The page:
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[441] England. The appeal was not admitted. ‘The char-
Chap X.} 1646
ter,’ he urged, ‘does but create a corporation within the realm, subject to English laws.’—‘Plantations,’ replied the court, ‘are above the rank of an ordinary corporation; they have been esteemed other than towns, yea, than many cities. Colonies are the foundations of great commonwealths. It is the fruit of pride and folly to despise the day of small things.’

To the parliament of England the legislature remonstrated with the noblest frankness against any assertion of the paramount authority of that body.

‘An order from England,’ say they,

is prejudicial

to our chartered liberties, and to our well-being in this remote part of the world. Times may be changed; for all things here below are subject to vanity, and other princes or parliaments may arise. Let not succeeding generations have cause to lament and say, England sent our fathers forth with happy liberties, which they enjoyed many years, notwithstanding all the enmity and opposition of the prelacy, and other potent adversaries, and yet these liberties were lost in the season when England itself recovered its own. We rode out the dangers of the sea; shall we perish in port? We have not admitted appeals to your authority, being assured they cannot stand with the liberty and power granted us by our charter, and would be destructive to all government. These considerations are not new to the high court of parliament; the records whereof bear witness of the wisdom and faithfulness of our ancestors in that great council, who, in those times of darkness, when they acknowledged a supremacy in the Roman bishops, in all causes ecclesiastical, yet would not allow appeals to Rome.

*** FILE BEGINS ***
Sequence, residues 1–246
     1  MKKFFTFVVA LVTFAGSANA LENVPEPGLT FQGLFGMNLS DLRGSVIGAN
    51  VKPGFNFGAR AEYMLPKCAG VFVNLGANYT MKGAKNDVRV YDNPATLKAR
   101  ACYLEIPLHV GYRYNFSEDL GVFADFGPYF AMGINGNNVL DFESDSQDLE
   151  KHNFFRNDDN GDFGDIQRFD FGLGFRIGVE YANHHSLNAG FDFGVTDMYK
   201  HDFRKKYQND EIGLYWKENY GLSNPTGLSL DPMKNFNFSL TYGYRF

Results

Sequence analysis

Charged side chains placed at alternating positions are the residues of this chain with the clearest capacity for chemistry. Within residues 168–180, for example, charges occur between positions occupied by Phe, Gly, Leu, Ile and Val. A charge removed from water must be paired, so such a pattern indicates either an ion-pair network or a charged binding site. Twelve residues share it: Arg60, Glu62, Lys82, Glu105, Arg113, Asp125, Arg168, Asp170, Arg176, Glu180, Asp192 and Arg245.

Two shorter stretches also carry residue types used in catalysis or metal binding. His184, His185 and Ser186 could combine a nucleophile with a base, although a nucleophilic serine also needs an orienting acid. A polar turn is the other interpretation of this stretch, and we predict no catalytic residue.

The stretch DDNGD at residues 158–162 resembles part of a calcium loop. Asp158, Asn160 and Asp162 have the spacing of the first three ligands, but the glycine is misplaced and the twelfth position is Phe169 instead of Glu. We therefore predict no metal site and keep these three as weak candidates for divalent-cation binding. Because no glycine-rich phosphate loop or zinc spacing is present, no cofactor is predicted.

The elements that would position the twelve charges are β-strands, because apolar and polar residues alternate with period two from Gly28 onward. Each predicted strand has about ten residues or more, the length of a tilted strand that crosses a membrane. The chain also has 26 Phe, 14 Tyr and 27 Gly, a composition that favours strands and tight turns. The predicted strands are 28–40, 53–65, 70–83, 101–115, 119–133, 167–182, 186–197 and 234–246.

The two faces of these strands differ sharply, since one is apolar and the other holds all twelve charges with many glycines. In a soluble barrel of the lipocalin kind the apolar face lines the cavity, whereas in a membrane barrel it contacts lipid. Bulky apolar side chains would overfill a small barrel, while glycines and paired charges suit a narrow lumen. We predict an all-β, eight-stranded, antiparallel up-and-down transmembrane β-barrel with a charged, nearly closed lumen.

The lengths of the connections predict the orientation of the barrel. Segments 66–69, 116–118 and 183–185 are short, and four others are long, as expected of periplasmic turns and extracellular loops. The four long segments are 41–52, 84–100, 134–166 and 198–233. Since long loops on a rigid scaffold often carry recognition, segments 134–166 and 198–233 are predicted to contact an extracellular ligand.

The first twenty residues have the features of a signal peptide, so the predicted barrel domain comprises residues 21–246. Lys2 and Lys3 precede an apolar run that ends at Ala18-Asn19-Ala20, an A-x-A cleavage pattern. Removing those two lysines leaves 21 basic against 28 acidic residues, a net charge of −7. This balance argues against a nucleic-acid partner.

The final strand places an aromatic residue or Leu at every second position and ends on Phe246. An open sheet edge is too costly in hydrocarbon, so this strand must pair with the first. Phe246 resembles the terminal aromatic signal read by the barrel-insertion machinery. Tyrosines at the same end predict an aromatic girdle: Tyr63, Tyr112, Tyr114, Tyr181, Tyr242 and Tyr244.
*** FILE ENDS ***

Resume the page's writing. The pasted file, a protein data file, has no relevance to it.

The wisdom and experience of that great counc<*>

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